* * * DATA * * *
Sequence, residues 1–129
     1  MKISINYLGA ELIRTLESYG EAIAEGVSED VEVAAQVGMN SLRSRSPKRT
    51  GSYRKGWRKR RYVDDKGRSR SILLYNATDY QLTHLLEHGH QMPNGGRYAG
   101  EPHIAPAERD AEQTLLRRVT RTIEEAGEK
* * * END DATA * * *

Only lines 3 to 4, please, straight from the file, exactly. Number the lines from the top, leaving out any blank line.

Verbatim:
    51  GSYRKGWRKR RYVDDKGRSR SILLYNATDY QLTHLLEHGH QMPNGGRYAG
   101  EPHIAPAERD AEQTLLRRVT RTIEEAGEK